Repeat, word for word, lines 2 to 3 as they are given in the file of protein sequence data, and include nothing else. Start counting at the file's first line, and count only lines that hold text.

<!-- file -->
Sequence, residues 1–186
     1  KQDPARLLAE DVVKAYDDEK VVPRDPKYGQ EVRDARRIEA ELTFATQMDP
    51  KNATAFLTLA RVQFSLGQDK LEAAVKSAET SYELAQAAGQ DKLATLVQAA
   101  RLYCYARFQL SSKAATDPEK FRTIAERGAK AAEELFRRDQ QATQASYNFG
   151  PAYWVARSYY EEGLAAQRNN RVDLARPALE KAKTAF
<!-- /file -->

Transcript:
     1  KQDPARLLAE DVVKAYDDEK VVPRDPKYGQ EVRDARRIEA ELTFATQMDP
    51  KNATAFLTLA RVQFSLGQDK LEAAVKSAET SYELAQAAGQ DKLATLVQAA